Paper work. Paper avalanche. Paper chase. Whatever you call it I know papers they are the downfall of many of you. What to do what do you need to keep?
Most financial papers fit in to one of 3 categories
- Keep indefinitely
- Keep for 7 years
- Keep for a year or less
Keep For A Calendar Year Or Less
ATM receipts and deposit slips – when you receive your bank statements you can shred them.
Charge slips (unless it is for a major purchase), for minor purchases once you are satisfied with the purchase. Shred the receipt when your credit card statement.
If you do not have a home office you don’t need to keep your utility bills, monthly mortgage statements or quarterly investment reports.
Keep your pay stubs, credit card statements and investment reports until you receive the W-2 or year-end summaries. Once you have those you don’t need the monthly statements.
Keep Seven Years
Year end credit-card summaries, along with your W-2s and 1099s.
If you itemize your tax return you need to keep all documents you utilized to determine your deductions. These additional documents you should retain include: canceled checks and receipts for all deductible business expenses (such as those for entertainment, home-office equipment, and professional dues), retirement-account contributions, charitable donations, child-care bills, out-of-pocket medical expenses, alimony, and mortgage-interest and property-tax payments.
After 7 years you should scan the actual tax returns or the year-end summaries of your investment accounts as they can come in very handy for future financial planning. Then you can store them on a flash drive or a CD in a safe place.
Keep receipts for major purchases and receipts that show how much you’ve paid for home improvements as long at your own your home. This will satisfy three things: Insurance claims, potential buyers and when you sell your home to reduce possible capital gains.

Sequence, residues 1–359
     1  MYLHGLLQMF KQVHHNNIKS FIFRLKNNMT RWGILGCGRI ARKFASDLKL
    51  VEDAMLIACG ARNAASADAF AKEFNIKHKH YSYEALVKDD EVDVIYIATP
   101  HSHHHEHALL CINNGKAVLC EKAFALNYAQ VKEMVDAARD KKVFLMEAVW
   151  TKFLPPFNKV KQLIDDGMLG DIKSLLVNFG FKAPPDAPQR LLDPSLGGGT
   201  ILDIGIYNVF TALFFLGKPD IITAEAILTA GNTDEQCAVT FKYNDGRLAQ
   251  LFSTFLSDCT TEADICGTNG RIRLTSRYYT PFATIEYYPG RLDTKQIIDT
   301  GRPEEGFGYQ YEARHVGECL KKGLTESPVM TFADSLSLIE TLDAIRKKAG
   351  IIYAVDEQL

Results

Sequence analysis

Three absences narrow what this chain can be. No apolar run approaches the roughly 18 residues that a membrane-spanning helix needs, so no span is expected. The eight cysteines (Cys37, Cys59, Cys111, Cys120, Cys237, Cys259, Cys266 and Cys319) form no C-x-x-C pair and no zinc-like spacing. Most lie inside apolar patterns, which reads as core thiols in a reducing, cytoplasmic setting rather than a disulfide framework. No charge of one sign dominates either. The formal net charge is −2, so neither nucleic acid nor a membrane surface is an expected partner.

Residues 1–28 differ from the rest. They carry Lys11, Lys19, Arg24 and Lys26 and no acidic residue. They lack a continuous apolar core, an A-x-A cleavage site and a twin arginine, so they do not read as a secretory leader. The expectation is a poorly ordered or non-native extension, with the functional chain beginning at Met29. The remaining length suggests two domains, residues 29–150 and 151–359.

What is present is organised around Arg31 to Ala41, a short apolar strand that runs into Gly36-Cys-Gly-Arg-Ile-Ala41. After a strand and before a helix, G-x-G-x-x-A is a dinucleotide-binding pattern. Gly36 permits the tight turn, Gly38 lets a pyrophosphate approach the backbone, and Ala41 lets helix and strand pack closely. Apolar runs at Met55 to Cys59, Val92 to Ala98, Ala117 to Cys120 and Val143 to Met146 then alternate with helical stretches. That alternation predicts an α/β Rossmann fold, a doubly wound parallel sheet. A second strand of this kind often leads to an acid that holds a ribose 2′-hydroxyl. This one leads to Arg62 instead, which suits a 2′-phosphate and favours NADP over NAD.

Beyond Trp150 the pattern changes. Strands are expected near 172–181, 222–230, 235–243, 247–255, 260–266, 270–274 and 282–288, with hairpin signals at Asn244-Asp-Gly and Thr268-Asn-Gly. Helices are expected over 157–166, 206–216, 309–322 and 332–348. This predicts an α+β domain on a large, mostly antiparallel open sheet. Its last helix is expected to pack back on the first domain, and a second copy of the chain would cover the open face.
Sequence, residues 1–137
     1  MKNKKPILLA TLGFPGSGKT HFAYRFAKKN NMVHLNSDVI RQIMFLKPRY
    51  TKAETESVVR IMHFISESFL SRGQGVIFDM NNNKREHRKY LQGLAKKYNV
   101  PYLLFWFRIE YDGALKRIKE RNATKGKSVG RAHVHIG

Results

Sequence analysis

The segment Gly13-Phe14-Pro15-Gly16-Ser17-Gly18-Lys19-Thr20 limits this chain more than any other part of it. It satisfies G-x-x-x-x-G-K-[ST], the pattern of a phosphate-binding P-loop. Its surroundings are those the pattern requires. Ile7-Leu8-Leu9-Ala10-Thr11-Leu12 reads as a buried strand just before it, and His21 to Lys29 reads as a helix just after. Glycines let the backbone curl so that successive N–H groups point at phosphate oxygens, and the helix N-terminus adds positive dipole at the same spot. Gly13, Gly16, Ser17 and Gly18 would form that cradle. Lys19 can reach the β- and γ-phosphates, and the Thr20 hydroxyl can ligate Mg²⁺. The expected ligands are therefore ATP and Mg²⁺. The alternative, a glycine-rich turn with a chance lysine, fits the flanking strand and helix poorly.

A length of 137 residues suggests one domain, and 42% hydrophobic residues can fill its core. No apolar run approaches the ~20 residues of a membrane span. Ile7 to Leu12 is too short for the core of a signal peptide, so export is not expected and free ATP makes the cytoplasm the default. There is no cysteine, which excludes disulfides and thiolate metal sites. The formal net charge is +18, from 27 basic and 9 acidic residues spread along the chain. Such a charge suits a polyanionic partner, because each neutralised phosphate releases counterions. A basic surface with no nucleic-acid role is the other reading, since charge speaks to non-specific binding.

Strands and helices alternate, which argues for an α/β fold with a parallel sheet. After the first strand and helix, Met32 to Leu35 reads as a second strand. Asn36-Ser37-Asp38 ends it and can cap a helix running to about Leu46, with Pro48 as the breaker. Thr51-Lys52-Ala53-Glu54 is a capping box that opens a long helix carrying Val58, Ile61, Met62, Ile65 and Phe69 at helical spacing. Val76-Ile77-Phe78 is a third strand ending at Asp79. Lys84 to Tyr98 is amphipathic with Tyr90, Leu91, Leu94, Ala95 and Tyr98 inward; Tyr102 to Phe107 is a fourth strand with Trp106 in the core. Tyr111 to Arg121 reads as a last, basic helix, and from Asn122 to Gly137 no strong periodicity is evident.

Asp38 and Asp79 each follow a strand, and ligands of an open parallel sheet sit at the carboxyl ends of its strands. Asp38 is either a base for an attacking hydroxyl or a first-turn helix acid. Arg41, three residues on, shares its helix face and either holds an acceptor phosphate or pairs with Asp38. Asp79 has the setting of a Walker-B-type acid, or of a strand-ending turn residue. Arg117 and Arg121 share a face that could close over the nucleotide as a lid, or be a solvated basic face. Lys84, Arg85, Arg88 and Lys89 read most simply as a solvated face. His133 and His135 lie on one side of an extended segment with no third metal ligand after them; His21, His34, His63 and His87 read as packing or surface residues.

Keep beneficiary designation confirmation and purchase price slips that show beneficiary designations and the purchase price of stocks, mutual funds, and any other investments you hold.
It goes without saying that you need to keep your will, birth and marriage certificates, insurance policies, property deeds, and other permanent records in a safe but accessible place near your other financial documents, so you and your heirs will always be able to get to them quickly, if they need to.
Invest in a fireproof safe or a safe deposit box for your forever documents.
I suggest scanning and digitizing your important personal documents as a back up copy. More info on this by News Leavitt Just remember a digital copy is not the same as a paper copy but it is much easier to obtain a replacement copy of you have a photo copy.
Also, invest in a shredder. In today’s world you really don’t want personal information floating around out there. You can find them for not much money.
For more information how long to keep your documents check here for more info from bankrate.com. They have a very detailed list.
Now that you know what to keep and what to shred, I have a post on how to deal your paper as it come in the door. If you would like to read it here is the link Did you get Stacked?
I hope this helps you let go of your papers. I love your comments.
#organize, #clutter, #paperwork, #documents #taxtime